In addition to my work, I had the opportunity to enjoy Switzerland’s beautiful landscape, cuisine, and culture. I’ll never forget indulging in my first pot of hot cheese fondue at the Hotel Edelweiss in Geneva. My dinner was accompanied by live folk music played on the accordion and the alphorn, creating a stunning Swiss ambiance.

Over the Swiss National Day holiday weekend, I traveled to Lauterbrunnen, Stechelberg, and Grindelwald to enjoy the breathtaking beauty and topography of the Swiss Alps. This area of Switzerland was like no other part of the world I have ever seen, and I was captivated by the rugged magnificence of the mountain valley. This is easily the most gorgeous place I have ever traveled to. 

In my opinion, Geneva was a very easy city to live and feel comfortable in. The city is small but cosmopolitan, bustling with diversity and unique things to do like visiting the United Nations building, perusing art and history museums, partaking in weekend festivals, and enjoying plenty of food and drink options. There are a wide variety of shops, restaurants, and events happening almost daily in the summer. Plus, it’s hard to beat the scenery offered by the expansive Lake Geneva. Every night, I walked along the lakeside from the city center to my residence in Perle Du Lac, admiring the stillness of the pristine turquoise water filled with white swans and beautiful sailboats. One of the things I valued the most while living in Geneva was how safe I felt walking around exploring the town. Everyone is cordial, friendly, and exceptionally helpful to everyone, including non-French speakers like myself. The public transportation system is also very efficient, making it easy to get around the city.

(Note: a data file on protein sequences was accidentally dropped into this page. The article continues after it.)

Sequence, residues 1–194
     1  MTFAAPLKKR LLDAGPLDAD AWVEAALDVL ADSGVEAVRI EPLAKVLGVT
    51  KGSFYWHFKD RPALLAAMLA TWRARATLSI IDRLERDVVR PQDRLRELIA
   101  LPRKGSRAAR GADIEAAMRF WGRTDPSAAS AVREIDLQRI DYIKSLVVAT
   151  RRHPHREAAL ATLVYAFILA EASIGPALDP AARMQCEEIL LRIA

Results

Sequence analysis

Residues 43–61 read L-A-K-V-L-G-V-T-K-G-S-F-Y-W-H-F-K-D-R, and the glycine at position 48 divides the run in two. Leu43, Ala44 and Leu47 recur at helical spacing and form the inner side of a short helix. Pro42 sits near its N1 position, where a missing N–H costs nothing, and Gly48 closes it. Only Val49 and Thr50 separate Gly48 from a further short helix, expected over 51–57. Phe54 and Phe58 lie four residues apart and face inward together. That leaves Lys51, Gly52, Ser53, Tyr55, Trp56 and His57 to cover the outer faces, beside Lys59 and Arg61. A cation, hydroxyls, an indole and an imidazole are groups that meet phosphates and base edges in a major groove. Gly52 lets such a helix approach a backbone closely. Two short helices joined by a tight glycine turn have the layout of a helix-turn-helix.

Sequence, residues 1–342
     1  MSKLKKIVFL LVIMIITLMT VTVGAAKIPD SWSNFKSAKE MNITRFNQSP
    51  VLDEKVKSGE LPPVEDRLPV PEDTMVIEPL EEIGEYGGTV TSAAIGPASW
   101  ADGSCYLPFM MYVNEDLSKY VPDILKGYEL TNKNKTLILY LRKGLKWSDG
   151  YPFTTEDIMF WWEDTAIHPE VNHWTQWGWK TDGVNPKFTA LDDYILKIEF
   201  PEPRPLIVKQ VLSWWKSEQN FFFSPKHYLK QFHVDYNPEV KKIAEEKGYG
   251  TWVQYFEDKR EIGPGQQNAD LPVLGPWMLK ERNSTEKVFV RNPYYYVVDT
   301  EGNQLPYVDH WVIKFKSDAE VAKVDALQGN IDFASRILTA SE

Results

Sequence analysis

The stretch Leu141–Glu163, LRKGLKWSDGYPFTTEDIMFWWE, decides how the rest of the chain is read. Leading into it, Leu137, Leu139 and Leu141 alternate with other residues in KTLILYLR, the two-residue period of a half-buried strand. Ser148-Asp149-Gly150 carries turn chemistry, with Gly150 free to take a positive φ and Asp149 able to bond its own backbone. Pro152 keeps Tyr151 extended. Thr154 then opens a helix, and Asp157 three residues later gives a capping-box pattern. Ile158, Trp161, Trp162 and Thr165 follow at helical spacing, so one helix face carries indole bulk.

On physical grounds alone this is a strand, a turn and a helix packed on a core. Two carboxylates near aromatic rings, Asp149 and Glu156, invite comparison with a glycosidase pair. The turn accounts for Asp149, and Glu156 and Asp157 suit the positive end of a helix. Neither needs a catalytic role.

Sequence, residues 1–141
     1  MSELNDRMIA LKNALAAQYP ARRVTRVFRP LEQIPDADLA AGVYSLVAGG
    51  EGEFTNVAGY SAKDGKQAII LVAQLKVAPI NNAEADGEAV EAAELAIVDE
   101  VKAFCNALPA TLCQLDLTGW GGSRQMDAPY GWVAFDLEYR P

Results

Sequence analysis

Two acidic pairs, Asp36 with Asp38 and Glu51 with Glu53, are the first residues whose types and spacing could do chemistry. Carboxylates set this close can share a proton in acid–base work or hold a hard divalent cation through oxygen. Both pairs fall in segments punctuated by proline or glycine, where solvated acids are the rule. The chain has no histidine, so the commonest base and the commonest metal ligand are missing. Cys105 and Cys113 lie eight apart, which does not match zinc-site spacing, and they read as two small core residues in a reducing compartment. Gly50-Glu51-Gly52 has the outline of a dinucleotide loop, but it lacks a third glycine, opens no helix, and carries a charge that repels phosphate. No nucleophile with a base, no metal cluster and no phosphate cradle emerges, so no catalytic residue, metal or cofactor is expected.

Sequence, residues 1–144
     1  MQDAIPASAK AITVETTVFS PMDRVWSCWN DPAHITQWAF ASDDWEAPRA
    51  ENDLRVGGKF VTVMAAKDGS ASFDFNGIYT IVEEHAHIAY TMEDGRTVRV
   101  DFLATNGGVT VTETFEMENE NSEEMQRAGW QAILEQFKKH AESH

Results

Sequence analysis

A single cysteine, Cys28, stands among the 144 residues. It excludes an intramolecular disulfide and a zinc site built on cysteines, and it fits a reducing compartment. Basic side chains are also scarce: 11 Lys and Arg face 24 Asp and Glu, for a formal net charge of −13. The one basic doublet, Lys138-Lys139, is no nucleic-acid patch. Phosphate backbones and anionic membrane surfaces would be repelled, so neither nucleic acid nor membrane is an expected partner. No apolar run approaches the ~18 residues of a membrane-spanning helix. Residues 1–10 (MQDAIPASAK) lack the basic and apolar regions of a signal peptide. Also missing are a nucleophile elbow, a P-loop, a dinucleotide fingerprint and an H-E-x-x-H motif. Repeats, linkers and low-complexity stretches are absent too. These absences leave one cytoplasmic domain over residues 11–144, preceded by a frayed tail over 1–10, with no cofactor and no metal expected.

Overall, I am incredibly happy and grateful I got the chance to embark on such a fruitful international research visit. I can’t express enough gratitude towards the ThinkSwiss program for supporting me financially, allowing me to have this once-in-a-lifetime opportunity. I strongly recommend the ThinkSwiss program to anyone looking to expand their own academic interests as well as their personal growth.

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Amanda Hefner
Institute of Environmental Sciences C-CIA Lab - University of Geneva ∞ University of Minnesota